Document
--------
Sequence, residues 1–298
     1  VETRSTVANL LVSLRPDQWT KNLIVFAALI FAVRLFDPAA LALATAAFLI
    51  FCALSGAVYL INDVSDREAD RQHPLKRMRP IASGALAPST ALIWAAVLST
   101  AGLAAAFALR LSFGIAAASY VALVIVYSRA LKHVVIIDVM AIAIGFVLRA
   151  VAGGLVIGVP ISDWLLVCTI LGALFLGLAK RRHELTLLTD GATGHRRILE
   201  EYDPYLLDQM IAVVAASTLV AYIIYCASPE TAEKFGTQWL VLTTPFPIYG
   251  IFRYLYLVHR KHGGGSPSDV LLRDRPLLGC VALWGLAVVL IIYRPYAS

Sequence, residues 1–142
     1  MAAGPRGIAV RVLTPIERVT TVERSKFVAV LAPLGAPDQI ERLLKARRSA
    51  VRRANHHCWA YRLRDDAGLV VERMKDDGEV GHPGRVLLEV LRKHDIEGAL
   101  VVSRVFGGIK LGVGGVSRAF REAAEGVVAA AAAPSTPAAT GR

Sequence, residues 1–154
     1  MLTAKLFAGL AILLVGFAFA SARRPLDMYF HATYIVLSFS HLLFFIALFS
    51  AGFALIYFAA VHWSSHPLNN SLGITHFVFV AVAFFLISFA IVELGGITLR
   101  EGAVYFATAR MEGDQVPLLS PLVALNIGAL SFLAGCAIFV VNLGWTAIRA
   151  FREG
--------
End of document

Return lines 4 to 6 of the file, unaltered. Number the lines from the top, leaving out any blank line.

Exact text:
   101  AGLAAAFALR LSFGIAAASY VALVIVYSRA LKHVVIIDVM AIAIGFVLRA
   151  VAGGLVIGVP ISDWLLVCTI LGALFLGLAK RRHELTLLTD GATGHRRILE
   201  EYDPYLLDQM IAVVAASTLV AYIIYCASPE TAEKFGTQWL VLTTPFPIYG